This user task has a Camunda Form. Notice that the Start Date field has a date picker. That is triggered by a baseType custom property that is set to DateWithoutTime. The Camunda 8 Library uses that information to determine which type of field to present on the form.
The Description field has a baseType of MultilineString.
Based on that, the Camunda 8 Library uses a textarea field for description that allows more than one line of text.
The Save button has two custom properties: action which tells Explorer that this button should save the process variables and color which sets the button color to the accent color on the app’s palette.
The My Task page design in Apex Designer handles the rendering of the Camunda Form using the Render Task With Camunda Form component from the Camunda 8 library.
User Task Forms using Angular Components
Camunda Forms are great for very simple tasks but most real world applications require more complex user interactions. The Review Vacation Request user task in the sample process uses an Angular component build in Apex Designer. In the modeler, a custom form key is set with the name of the component.
The getTask method on the My Task page retrieves the form key, finds that it starts with “apex-designer:component:” and uses the Render Angular Component to display the custom component.
Here is what the user sees when the click a Review Vacation Request user task.
The page is a mix of information from the process variables (start date, number of days and description) and information from the system(s) of record (name, email, photo, previous vacation requests - none in this case). This ensures that the user has all the information in front of them to make the decision.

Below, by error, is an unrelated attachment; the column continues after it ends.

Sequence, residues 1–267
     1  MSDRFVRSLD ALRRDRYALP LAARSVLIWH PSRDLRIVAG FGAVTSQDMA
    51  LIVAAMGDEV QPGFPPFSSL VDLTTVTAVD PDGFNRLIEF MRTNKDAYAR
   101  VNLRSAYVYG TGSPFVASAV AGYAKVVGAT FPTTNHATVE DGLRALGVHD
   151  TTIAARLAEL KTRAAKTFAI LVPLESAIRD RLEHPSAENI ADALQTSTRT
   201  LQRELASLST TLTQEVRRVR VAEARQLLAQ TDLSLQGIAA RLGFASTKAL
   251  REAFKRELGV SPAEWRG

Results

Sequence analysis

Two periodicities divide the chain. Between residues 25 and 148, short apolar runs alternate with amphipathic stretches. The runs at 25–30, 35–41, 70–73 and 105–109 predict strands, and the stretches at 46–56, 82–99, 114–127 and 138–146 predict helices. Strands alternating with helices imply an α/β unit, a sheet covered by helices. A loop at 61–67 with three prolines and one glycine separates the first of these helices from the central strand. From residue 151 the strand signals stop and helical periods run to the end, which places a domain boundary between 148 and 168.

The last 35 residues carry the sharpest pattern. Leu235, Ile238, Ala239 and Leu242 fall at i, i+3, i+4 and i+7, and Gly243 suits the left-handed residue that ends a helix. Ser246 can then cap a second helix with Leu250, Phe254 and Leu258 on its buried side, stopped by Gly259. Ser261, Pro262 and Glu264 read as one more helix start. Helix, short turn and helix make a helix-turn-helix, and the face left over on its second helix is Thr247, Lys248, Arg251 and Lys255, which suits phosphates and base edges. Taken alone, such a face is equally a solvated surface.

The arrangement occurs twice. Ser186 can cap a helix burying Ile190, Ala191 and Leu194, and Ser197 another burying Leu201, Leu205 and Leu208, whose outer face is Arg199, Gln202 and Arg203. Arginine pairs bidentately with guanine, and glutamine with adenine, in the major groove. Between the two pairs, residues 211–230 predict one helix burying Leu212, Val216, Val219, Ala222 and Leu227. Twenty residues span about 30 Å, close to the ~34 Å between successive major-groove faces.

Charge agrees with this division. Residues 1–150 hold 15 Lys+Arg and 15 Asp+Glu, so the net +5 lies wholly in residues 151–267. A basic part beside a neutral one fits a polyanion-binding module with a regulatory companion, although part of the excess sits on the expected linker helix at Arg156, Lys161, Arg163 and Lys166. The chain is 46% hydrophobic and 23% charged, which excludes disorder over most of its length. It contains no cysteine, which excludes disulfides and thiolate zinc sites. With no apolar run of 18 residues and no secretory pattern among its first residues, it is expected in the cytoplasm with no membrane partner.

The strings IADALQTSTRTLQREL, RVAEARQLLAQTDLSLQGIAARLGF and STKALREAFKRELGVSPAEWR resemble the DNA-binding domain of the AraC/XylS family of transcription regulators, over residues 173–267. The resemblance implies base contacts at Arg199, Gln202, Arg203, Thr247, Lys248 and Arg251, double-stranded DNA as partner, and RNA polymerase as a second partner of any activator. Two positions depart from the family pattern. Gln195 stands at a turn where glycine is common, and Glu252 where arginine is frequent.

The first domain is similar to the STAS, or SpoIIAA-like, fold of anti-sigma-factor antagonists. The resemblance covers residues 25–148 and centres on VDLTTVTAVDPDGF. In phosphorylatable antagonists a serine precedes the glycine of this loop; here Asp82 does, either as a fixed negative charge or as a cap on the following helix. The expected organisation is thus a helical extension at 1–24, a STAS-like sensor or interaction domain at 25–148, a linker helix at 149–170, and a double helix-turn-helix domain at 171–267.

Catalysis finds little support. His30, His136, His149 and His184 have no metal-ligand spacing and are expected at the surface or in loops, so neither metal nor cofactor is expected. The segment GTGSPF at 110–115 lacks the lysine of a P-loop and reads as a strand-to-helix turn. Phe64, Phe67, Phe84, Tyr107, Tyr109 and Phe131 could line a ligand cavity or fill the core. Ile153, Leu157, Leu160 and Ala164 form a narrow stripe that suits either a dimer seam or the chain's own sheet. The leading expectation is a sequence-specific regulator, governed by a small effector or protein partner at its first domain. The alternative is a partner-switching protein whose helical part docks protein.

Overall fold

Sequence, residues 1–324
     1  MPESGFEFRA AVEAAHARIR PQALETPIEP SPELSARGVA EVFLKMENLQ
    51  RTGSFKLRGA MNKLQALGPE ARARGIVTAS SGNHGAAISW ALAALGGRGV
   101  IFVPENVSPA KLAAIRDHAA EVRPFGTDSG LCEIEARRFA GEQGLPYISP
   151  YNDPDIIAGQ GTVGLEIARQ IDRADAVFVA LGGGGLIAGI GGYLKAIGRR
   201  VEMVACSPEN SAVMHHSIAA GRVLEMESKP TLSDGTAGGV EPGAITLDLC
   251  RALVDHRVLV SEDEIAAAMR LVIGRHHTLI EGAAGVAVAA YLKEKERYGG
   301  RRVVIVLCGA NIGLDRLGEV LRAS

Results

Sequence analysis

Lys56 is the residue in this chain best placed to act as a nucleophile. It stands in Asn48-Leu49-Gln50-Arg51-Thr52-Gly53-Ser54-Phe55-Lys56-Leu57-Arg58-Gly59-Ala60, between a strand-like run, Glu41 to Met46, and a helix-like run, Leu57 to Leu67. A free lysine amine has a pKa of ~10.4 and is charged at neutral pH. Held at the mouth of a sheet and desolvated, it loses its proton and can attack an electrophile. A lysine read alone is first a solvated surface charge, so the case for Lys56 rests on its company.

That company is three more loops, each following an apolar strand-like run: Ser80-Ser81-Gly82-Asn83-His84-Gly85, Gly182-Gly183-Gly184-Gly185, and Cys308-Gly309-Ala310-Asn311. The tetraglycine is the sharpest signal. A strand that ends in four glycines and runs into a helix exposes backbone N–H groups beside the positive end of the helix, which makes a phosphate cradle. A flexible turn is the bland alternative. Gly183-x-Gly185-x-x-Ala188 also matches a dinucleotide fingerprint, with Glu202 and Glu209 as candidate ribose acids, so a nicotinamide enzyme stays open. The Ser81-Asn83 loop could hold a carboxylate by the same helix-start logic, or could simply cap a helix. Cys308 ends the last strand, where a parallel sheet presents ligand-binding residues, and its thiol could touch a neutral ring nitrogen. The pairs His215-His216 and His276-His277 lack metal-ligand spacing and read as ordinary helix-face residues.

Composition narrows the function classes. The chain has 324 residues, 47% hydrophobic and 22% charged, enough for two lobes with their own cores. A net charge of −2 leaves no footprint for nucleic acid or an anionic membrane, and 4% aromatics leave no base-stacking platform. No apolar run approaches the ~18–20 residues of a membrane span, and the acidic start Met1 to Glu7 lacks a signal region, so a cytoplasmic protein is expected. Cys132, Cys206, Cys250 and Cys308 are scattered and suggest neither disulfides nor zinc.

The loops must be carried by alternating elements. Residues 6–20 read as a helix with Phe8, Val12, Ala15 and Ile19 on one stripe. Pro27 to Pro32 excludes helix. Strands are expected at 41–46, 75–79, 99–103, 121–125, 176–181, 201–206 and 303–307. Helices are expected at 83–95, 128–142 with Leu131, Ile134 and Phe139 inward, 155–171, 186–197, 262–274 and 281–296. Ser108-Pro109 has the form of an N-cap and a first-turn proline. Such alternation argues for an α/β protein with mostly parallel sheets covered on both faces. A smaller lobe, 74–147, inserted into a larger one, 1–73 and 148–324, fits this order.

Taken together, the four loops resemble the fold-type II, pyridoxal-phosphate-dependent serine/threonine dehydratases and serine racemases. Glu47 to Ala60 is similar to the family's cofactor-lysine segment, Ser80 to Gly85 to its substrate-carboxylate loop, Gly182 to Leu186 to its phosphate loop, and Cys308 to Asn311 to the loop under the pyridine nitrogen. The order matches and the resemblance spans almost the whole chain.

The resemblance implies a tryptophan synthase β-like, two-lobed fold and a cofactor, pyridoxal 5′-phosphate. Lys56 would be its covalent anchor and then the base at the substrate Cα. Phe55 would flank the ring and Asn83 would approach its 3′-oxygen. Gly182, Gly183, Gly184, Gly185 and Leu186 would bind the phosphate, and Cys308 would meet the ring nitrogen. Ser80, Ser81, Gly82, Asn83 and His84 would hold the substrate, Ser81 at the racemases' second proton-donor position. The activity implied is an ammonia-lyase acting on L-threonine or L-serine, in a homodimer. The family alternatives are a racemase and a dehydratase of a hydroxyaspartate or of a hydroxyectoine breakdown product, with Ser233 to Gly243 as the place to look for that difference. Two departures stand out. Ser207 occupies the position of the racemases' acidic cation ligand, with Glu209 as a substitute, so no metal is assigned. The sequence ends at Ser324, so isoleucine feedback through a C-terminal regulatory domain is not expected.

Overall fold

The ReviewRequest component is modeled in Apex Designer.
The template contains a paragraph and heading. Then a row splits the screen width between the image and the fields. The fields are inside a Wrap component that switches from two columns of fields for medium and larger screens to one column on small and extra small screens. The other vacation requests are presented in a table followed by the heading, radio buttons and comments fields for the reviewer to fill in. Finally, there are two buttons: Save to save the data entered but not complete the task and Submit which completes the task with the data entered.
The getData method lists the process variables that are required along with information on which fields are required, which ones are disabled, and what base types should be used.
It then uses the Task Service from the Camunda 8 Library to set the current task, get the process variables and create a Form Group (an Angular data construct connected to form fields). Then it sets the where clause on the submitter object and reads it.
This is just one example of what you can do with Angular components for user tasks. Apex Designer makes it easy to create Angular components for user tasks. It provides low code productivity without limiting what you can do. Anything that you can do in Angular (which is pretty much anything) you can do in Apex Designer.
Give it a Try
The container image for Apex Camunda Explorer is published on Docker Hub. You can follow these installation instructions to set up Apex Camunda Explorer (along with Zeebe, Elasticsearch and Postgres) using Docker Compose on your local machine. If you like what you see, you can sign up for a trial of Apex Designer, create a project from the Apex Camunda Explorer template, and customize to your heart's content.
What’s Next for Apex Camunda Explorer?
We are continuously evolving the Camunda 8 Library in Apex Designer as well as Apex Camunda Explorer. If you have questions or would like to see specific features added, you can join the discussion on the Apex Designer Forum. You can also ask questions privately on the Apex Designer site.